Every 6 months or so our organization puts on a multi-day educational program for lawyers coming to Ontario from other jurisdictions. I frequently do a session on issues relating to confidentiality and technology during the program. It is a baseline look at these topics – passwords, encryption, and so on – and preparation is usually a matter of a relatively straightforward update from the last program.
Rethinking CLE Materials
This has left me time to try to make the materials more useful – hopefully the content is as well. Lawyer education materials at CLE programs tend towards paper and a paper full of hyperlinks seems oxymoronic. Over the years, I have created many CLE papers with links to Web sites with little expectation most of them would be used. Occasionally, I have used shortened bit.ly links in part to be able to measure whether a link was used or not. Mostly, thy were not.
The latest evolution has been towards e-books. My first crack was a PDF. That was okay as far as it went but there are obviously limits. In addition, I was surprised at the variety of differences between the different PDF readers I tried on both Android and iOS devices. Never mind the limitations of getting a PDF onto an Amazon Kindle or other e-reader.
- you can output in HTML, PDF, epub, and mobi formats. That covers just about any device;
- you can create multiple one book books for free. Since this was a CLE paper, not a commercial venture, I wasn’t looking for any additional overhead;
- it’s based on WordPress, a publishing platform that is both easy and with which I’m already comfortable. They’ve also just open sourced the plugin so you can run your own site and create as many books as you want to (which might be useful for a CLE provider who wants to ensure they’re getting uniform papers from their speakers)
The end result is here: Confidentiality in a Wired World. The Web version is a pretty good way to understand the Pressbooks output. Each element – the “about” page, the front content, the chapters or parts – is created separately within the editor. You can cut and paste directly from a word processor or create from within the system. You can embed videos and images just as you would with a Web site. I created my cover in Microsoft Word, using Office clipart, and then took a screenshot. Once resized and saved using Microft Paint, it was ready for upload.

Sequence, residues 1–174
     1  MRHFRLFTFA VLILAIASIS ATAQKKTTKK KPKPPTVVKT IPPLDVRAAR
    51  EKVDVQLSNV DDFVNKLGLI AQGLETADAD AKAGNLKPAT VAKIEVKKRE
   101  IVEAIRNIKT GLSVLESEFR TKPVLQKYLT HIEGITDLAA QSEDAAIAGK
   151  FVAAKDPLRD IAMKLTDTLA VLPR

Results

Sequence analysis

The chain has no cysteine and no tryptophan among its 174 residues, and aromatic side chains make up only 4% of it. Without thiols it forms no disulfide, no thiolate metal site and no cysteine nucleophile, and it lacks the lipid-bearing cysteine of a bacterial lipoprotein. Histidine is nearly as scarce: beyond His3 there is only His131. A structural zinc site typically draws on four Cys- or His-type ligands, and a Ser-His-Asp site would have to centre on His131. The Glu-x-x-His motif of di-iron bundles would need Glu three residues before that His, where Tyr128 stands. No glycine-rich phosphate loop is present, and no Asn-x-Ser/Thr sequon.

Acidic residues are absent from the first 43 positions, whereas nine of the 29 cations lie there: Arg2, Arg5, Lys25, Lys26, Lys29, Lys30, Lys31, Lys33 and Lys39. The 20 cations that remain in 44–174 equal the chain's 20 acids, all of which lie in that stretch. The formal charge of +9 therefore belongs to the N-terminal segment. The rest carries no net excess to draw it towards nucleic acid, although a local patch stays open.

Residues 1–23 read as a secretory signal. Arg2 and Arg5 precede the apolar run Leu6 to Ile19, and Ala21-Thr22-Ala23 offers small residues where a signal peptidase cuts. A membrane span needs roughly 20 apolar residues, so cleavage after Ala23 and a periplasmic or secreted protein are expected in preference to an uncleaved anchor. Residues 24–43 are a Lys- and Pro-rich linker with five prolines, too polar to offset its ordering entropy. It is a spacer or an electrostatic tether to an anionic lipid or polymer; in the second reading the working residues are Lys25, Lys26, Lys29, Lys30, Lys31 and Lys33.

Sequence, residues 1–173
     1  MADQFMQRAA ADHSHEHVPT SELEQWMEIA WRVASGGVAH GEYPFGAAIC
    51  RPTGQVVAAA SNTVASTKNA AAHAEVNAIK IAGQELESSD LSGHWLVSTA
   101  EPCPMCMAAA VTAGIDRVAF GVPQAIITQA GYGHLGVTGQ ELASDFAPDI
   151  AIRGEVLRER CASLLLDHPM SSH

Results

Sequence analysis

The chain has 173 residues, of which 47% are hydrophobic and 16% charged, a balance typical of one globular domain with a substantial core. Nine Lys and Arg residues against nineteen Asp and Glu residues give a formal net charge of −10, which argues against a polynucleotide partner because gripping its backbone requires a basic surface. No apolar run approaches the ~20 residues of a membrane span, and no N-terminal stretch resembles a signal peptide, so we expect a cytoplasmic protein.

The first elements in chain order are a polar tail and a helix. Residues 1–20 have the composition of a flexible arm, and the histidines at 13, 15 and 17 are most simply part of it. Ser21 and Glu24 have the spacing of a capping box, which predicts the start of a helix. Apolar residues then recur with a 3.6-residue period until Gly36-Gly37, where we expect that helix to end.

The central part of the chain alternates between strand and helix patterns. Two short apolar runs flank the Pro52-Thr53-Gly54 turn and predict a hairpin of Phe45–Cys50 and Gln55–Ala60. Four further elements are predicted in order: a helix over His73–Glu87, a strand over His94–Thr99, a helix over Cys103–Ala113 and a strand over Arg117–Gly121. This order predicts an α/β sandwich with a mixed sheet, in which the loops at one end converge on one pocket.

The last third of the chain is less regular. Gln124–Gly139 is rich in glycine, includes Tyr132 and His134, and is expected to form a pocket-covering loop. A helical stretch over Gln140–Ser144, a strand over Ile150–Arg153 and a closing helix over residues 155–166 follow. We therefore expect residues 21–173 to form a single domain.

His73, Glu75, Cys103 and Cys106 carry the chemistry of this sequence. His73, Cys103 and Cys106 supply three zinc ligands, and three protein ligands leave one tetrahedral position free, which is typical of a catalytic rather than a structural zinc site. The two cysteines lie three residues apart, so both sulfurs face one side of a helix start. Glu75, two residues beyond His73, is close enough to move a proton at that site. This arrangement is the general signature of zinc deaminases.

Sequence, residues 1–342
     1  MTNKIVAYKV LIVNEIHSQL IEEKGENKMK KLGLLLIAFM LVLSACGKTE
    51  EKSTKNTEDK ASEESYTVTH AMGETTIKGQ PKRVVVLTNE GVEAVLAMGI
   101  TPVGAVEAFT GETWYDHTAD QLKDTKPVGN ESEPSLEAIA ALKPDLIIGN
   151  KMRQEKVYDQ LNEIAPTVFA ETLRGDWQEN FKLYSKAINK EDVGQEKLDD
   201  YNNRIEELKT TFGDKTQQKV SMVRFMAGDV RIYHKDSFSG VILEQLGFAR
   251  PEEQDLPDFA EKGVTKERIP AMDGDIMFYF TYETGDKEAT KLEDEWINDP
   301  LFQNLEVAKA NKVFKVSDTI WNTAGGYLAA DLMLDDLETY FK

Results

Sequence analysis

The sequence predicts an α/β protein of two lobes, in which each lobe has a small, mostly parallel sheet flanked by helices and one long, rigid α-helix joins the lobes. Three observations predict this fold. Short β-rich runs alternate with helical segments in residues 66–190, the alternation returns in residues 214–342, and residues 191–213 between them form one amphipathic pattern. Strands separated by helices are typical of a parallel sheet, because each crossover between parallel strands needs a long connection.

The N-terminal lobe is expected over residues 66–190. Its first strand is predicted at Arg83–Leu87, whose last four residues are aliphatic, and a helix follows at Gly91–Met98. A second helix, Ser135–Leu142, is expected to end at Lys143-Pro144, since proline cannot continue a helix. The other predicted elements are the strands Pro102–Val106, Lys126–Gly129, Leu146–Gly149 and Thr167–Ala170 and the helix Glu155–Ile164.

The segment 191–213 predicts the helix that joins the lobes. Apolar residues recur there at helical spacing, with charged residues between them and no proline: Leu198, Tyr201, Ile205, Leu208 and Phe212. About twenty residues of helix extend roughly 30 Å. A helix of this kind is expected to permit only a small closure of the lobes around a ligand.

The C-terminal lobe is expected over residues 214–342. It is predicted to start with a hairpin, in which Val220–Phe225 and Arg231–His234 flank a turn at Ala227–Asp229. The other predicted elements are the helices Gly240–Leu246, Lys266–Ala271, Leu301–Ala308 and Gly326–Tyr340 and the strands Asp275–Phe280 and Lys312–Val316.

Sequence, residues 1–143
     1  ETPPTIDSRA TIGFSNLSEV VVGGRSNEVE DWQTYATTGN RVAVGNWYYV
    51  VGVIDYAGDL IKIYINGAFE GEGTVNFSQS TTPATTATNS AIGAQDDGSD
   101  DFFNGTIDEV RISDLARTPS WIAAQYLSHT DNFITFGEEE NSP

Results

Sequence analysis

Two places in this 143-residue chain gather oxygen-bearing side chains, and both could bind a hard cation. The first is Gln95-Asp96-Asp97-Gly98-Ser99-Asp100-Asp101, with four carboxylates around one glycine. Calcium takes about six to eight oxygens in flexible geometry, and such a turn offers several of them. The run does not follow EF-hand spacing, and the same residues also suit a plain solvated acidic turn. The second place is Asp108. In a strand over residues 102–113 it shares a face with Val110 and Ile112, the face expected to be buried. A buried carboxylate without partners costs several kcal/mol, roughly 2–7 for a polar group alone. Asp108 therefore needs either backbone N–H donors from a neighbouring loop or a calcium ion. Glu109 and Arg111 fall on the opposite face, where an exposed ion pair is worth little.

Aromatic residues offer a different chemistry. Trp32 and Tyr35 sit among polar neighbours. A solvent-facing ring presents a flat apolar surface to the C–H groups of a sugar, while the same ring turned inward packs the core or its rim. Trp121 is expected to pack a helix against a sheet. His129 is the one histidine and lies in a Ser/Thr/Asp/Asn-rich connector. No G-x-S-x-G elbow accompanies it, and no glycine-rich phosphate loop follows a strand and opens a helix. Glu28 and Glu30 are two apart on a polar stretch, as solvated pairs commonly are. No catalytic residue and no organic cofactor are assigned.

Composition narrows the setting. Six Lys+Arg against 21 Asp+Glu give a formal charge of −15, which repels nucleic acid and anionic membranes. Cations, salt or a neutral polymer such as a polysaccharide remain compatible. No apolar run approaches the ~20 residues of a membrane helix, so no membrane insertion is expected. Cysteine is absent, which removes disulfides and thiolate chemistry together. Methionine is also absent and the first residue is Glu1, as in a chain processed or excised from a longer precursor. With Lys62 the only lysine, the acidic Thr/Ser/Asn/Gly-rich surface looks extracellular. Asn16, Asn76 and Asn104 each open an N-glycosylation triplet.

As you create the elements, you can decide which one will live only on the Web version and which will be included in any export. I like the flexibility this creates. Since some content is incompatible with e-book readers, you can exclude it from that output.
The export function is easy. Once you’ve created your online book, you head over to the dashboard. The first thing is to select the theme or look of your book and tailor it for each of the output options. You can also customize the cascading style sheets (CSS) and fonts to fit your own needs. Then over to the export tab and push the button. Pressbooks will generate the output options you select – PDF, epub, mobi, and a few others.
Once I’d finished the first iteration, and exported, I tested the output in different readers. I left the hyperlinks in the text as well as making them into footnotes (Pressbooks supports a footnote function). In some e-book readers and apps, the links work normally and pass you over to your Web browser. In others, they don’t work at all but the footnotes do. I don’t like doing both but I’m loathe to give up the linked text.
The exported files live in your dashboard. The one complaint I have about Pressbooks is that there is no obvious way to share those exported files. By default, both it and WordPress will block the upload of epub and mobi files as “media”, the default way you upload and share non-HTML content in these platforms. PDFs are not a problem. If you are running your own site, you could edit this limitation. In the end, I uploaded them to a public Dropbox folder and then created links to them by (a) creating a Front Matter part for the Web book and (b) adding direct links to each format.
No project experiment like this is complete without some measurement. Pressbooks supports a linkage to Google Analytics so you can activate Web statistics and see if anyone visits and what they view. In this case, I don’t expect much in the way of hits but if I was making this a bigger activity, I would want to measure it to determine whether it was successful or not.
Lawyers appear to be adopting tablets and e-readers as quickly as other consumers. I am hoping that, in providing a more useful, flexible version of the paper, it may have a greater likelihood of being used.